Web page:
By Yolanda Smith, BPharm
Thalassemia is a genetic disorder that involves mutations of the genes that are responsible for the production of hemoglobin in the blood. Worldwide, about 4.4 babies or every 10,000 newborns suffer from thalassemia. The genetic prevalence of this condition varies greatly according to the region of the world and the specific ancestry of an individual.
There are two broad types of thalassemia, alpha-thalassemia and beta-thalassemia, each of which has a different prevalence among certain ethnicities or population groups.
Both alpha- and beta-thalassemia are usually inherited in an autosomal recessive pattern. This means that males and females are affected equally as it does not involve the sex chromosome and both parents must be carriers of a gene mutation. This is because there must be two gene mutations present (one from each parent), in order for the trait to develop and become evident.
If both parents carry a gene mutation, there is a 25% chance that any one of their children will be affected by the condition. The risk increases if one or more parent possesses additional gene mutations, as it becomes more likely that the defected gene will be inherited.
Rare cases of thalassemia being inherited in a dominant pattern have also been reported. In these cases, a single parent carries the gene mutation and a child has been reported to suffer from the genetic disorder. Nevertheless, this is rare and the condition more commonly follows an autosomal recessive pattern.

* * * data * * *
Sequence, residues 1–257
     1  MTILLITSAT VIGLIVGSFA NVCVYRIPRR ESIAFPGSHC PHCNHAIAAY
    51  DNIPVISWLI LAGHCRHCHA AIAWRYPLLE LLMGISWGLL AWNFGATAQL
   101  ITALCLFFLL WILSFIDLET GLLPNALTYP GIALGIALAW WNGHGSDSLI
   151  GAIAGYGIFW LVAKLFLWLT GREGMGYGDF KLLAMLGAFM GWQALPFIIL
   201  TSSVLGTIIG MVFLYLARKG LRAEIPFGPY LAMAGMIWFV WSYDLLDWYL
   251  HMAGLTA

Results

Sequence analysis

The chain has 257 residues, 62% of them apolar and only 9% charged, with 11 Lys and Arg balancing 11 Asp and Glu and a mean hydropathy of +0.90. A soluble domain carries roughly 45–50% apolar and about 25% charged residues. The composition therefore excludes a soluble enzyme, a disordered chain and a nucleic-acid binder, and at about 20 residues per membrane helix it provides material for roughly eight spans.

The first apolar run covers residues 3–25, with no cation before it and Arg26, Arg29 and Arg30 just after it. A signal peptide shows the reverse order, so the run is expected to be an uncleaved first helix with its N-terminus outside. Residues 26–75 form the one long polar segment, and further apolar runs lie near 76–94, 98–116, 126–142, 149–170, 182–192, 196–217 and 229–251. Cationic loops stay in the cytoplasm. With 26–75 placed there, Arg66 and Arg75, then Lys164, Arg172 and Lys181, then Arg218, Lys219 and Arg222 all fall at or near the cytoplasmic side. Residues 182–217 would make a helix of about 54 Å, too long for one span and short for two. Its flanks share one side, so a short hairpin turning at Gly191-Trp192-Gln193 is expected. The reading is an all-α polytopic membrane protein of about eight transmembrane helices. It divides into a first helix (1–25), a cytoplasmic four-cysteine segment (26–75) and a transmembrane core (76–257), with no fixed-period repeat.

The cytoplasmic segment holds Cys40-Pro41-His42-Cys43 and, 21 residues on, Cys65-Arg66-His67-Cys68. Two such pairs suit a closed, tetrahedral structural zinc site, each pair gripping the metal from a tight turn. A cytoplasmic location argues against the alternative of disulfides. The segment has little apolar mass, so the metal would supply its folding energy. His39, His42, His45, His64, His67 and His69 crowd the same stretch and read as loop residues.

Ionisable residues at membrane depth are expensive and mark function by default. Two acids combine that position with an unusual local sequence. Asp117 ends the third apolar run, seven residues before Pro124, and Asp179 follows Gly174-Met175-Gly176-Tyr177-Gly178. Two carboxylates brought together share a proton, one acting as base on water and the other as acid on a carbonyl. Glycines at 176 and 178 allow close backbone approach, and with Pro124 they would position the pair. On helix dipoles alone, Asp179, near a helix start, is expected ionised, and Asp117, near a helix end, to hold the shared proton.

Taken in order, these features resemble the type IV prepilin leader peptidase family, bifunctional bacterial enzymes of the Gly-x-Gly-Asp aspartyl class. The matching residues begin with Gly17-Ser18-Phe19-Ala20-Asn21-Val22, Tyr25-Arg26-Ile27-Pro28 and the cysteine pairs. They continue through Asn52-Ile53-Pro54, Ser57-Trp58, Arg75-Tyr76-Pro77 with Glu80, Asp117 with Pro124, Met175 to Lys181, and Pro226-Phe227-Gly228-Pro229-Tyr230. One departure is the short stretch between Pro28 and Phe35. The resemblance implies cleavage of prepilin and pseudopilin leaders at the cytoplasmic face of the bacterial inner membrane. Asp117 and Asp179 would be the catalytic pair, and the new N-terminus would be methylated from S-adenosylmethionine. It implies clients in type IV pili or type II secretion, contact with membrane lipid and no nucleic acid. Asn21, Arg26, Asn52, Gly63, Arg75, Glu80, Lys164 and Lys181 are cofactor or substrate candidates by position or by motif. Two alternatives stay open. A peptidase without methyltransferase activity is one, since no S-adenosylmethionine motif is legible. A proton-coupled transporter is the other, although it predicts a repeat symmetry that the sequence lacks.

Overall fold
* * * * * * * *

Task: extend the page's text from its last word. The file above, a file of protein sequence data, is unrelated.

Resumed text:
Alpha-thalassemia is more common in Southeast Asia than other areas of the world, although anyone may be affected by the gene mutation that leads to this condition.
The region of the world and ethnicity of the individual is an important factor in the prevalence of the gene mutations. The following list summarizes which population groups are most likely to be affected by alpha-thalassemia.
- Southeast Asia: thalassemia trait in 1-30% of the population, up to 40% genetic carriers
- Sub-Saharan Africa: thalassemia trait in 0% of the population, up to 50% genetic carriers
- Western Pacific: thalassemia trait in 0% of the population, up to 60% genetic carriers
- Eastern Mediterranean: thalassemia trait in 0-2% of the population, up to 60% genetic carriers
- America: thalassemia trait in 0-5% of the population, up to 40% genetic carriers
- Europe: thalassemia trait in 1-2% of the population, up to 12% genetic carriers
People with origins in Mediterranean, African and South Asian areas are more likely to be affected by beta-thalassemia. The genetic prevalence throughout the world is approximately:
- Eastern Mediterranean: 2-18% affected by a gene mutation
- Europe: 0-19% affected by a gene mutation
- Western Pacific: 0-13% affected by a gene mutation
- Sub-Saharan Africa: 0-12% affected by a gene mutation
- Southeast Asia: 0-11% affected by a gene mutation
- Americas: 0-3% affected by a gene mutation
It is important for individuals known to carry gene mutations that may lead to thalassemia to seek medical advice before deciding to have children. This is because it is possible for future children to inherit the defected gene, particularly if both parents are carriers, regardless of the presence of symptoms.
Last Updated: Aug 10, 2015